Especially BATMAN RETURNS Keaton Bats which is a movie whose quirks, melancholy and twisted romanticism I fell in love with as a kid. Plus, that fucking cowl man. Say what you will about the design changes made to the rest of the suit, I won't defend them, but BATMAN RETURNS cowl coupled with Keaton's face resulted in the most badass looking rendition of Batman in any medium. Period.
I mean look at this fucker.
So why am I talking about BATMAN RETURNS? Well, some time ago Hot Toys released their RETURNS version of Batman, which you can see here. It immediately became my newest One Ultimate Keaton Batman Collectible, and is currently on my "to buy list", despite me moving away from collecting 1/6 figures..
It meant that my old DX09 1989 HT Bats was dethroned and destined to be sold to a different collector, since there is room for only one rubber-clad, S&M gargoyle figure in this house. But not before I had the chance to apply some...modifications of my own.
Allright, so the general idea behind this custom was to take the "fresh out of a superhero factory" look of the original figure - which showed Batman at his most presentable - and modify him to look the way he did in the final act of the first film, during the Cathedral sequence of the movie.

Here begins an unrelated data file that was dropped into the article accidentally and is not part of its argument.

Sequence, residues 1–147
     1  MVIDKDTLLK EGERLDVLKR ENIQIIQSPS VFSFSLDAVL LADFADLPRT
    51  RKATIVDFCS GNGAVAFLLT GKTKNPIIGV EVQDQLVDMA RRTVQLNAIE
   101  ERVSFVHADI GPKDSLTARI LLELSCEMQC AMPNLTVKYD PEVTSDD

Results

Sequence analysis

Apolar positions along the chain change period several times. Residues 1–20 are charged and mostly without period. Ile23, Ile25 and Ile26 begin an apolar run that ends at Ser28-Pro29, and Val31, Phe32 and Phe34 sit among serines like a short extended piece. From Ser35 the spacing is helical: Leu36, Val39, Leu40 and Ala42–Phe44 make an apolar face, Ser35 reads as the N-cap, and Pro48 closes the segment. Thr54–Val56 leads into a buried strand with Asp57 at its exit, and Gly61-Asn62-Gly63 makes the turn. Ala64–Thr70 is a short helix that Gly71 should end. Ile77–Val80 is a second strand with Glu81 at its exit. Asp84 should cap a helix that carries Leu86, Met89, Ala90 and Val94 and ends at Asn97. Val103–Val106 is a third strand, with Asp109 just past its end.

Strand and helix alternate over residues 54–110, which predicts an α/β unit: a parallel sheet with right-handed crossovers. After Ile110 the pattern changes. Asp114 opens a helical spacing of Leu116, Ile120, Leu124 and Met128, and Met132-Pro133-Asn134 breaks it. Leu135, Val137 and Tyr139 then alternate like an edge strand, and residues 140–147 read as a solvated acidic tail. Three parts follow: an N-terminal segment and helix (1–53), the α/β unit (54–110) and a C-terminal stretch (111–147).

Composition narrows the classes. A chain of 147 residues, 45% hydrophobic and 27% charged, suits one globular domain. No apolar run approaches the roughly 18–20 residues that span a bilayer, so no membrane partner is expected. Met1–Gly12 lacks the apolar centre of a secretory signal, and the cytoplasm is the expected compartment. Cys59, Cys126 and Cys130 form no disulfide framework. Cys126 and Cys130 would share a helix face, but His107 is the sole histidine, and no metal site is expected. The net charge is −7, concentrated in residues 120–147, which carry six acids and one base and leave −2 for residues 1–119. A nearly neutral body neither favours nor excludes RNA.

With customs like this there will always be an element of improvisation when it comes to accuracy, due to poor documentation of the movie. I scoured the net looking for high quality pictures of the suit used in that scene, as stills from the movie proved to be of little help, mostly due to poor lighting conditions and camera focusing mostly on the cowl and not the rest of the body. Fortunately I found high res photos of the suit, taken at some Hollywood prop auction, which documented every inch of it. Even that didn't fully remove the element of guesswork, since when looking at 20 years-old rubber custumes like this, it's sometimes hard to tell what is intentional "movie damage" and what is just natural degradation of the suit due to passage of time. But I think it did help to better my placement of the damage on the suit. It's not 100% accurate, some of the burn marks on the cowl are a little bit too heavy, but I think the overall feel of the scene was captured.